WASHINGTON (Reuters) - Boston Federal Reserve Bank President Eric Rosengren on Tuesday repeated his call for the U.S. central bank to expand monetary policy, saying the economy is only treading water and inflation is not a problem.
In an interview on CNBC, Rosengren said he had not seen inflationary pressures from the two previous massive bond purchase programs of the Fed, known as quantitative easing.
"There are a number of areas where quantitative easing can help," he said. "One, it does push up asset prices. ... A second area is the housing market," he added.
Stock market gains that have followed Fed quantitative easing announcements have increased consumption, he said. Recent improvements in the housing market are in part a reflection of the Fed's aggressive efforts to pull down longer-term interest rates, he added.
He also said since he did not expect the economy to improve in the second half of the year, another bond buying program was needed.
Rosengren was also quoted in an interview in the New York Times on Tuesday calling for more quantitative easing.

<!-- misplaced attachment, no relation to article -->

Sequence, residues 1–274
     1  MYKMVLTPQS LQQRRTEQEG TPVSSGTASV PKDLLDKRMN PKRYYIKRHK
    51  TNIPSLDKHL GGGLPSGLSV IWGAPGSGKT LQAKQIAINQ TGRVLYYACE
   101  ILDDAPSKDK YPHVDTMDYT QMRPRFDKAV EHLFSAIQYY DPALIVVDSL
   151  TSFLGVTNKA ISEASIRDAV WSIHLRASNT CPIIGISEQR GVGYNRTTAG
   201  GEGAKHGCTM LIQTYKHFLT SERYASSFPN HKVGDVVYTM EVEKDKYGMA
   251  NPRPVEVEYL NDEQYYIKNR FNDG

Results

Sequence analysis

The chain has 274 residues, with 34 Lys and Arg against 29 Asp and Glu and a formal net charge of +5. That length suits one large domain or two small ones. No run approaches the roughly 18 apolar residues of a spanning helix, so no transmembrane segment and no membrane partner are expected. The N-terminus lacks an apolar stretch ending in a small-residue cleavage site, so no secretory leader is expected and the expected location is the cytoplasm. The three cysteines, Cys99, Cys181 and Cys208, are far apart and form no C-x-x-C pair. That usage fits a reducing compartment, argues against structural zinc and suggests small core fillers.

The Fed at its most recent meeting took no new action to stimulate growth despite a flagging recovery but said it stands ready to ease financial conditions if necessary.
Despite improved U.S. hiring last month, most Wall Street economists still expect the Fed to launch another round of monetary stimulus this year, with the majority expecting it to act as soon as September.
Fed Chairman Ben Bernanke is due to speak at a town hall meeting on financial literacy later on Tuesday. Many analysts expect Bernanke to use a speech at the Fed's annual Jackson Hole conference later this month to lay out the next steps for policy.
(Reporting by Mark Felsenthal; Editing by Neil Stempleman)